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San Marcos Highlands Habitat Restoration Implementation

Quick Facts:

  • Development Size: 80 acres
  • Location: San Marcos, CA (North San Diego County)
  • Client: KB Home

Project Summary:

Great Ecology is implementing a Habitat Mitigation and Monitoring Plan (HMMP) to offset impacts from an 80-acre development project in San Marcos, California. Mitigation measures involve the restoration and enhancement of approximately seven acres of disturbed riparian habitat and twelve acres of Diegan coastal sage scrub. Great Ecology’s restoration activities will include site clearing and preparation, removing non-native vegetation, protecting existing native habitat, salvaging and transplanting native onsite vegetation, and installing native seeds, shrubs, and trees.

Ongoing/Completed Activities:

- Collected soil from a restoration area under a eucalyptus grove, to test for the presence of allelopathic chemicals in the soil. These chemicals, found in the foliage of eucalyptus and some other trees, “poison” the soil beneath them, rendering it inhospitable to survival of other plants. Soil testing tells us how deep to remove and replace the soil layer to ensure successful plantings where the eucalyptus grove once stood.

- Flagged native plants that are locally adapted for salvage. Sourcing existing plants can promote the rapid spread of target species and ensure restoration success. Transplants are also a source of mycorrhizae for the receiving site may enhance growth of surrounding coastal sage scrub seedlings. Salvaged plants include typical Diegan coastal sage scrub and southern riparian species like:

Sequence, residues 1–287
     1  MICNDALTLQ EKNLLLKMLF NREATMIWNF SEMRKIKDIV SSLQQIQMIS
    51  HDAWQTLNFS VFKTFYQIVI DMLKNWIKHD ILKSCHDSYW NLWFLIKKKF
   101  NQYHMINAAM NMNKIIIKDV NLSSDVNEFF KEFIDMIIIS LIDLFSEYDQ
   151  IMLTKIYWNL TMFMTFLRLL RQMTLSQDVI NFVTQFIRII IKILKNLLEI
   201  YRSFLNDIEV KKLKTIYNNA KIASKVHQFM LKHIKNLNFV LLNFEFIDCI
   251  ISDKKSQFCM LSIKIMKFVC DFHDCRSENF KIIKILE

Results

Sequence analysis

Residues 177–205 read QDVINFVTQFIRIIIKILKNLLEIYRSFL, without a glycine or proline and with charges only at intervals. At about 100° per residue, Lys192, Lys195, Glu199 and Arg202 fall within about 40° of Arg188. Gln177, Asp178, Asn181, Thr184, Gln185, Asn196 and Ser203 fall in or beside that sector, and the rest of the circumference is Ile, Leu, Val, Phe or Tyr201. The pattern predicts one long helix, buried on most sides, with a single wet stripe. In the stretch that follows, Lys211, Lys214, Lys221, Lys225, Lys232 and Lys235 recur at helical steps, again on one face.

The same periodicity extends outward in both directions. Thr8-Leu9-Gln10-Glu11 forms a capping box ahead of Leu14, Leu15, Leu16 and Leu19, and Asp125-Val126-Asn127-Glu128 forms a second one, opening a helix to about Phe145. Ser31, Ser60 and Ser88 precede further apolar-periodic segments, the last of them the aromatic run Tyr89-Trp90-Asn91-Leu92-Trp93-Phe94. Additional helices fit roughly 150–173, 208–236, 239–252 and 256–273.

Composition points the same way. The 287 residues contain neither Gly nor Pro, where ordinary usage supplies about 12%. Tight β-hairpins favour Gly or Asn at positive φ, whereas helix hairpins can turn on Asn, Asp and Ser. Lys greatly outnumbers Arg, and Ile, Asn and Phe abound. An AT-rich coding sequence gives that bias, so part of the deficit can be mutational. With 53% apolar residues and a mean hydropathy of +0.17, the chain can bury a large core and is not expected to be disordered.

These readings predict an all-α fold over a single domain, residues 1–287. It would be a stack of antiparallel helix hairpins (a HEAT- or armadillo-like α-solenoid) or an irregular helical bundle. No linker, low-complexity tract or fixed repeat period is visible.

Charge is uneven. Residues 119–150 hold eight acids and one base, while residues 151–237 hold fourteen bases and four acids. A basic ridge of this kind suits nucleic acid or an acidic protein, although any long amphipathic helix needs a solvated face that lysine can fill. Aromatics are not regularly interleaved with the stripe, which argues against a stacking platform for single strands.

• California sage brush (Artemisia californica)
  • Black sage (Salvia mellifera)
  • White sage (Salvia apiana)
  • Red and arroyo willow (Salix sp.)
  • Mule fat (Baccharis salicifolia)

- Collected, transported, and stored the salvaged plants in a designated laydown area. Smaller, younger shrubs are the best candidates for salvage, since they are more portable than larger, dense shrubs. They do not have deep roots, do not require additional trimming, and have a higher likelihood of establishment once replanted. Once the plants arrive at the laydown area they are repotted with high quality soil and watered as they await restoration. Woody species like mule fat and willows are transplanted via cuttings (called whips) and require less intensive storage and watering than the salvaged shrubs.

Planned Activities:

- Ordering seed mixes of riparian and sage scrub plants - these seeds will supplement the salvaged local plants in the restoration areas. Some plants are too large to successfully uproot and replant, or will grow better from seed. Transplants can also help the seeds grow and successfully establish by providing shade, soil stabilization, and protection from predators.

- Incorporating recovered litter layer (called duff) into the soil for Diegan coastal sage scrub restoration. Duff is composed of accumulated materials like woody debris, leaf litter, and organic material that builds up below the sage scrub community. Using duff for restoration will provide cover for the seeds to establish and mimic natural conditions for the salvaged plants to thrive. The duff is collected by scraping a thin (three to six inch) soil layer using a backhoe or bulldozer. This material is then crushed, cut, or shredded, then stockpiled at the construction site for our future restoration.

Field Blogs:

San Marcos, CA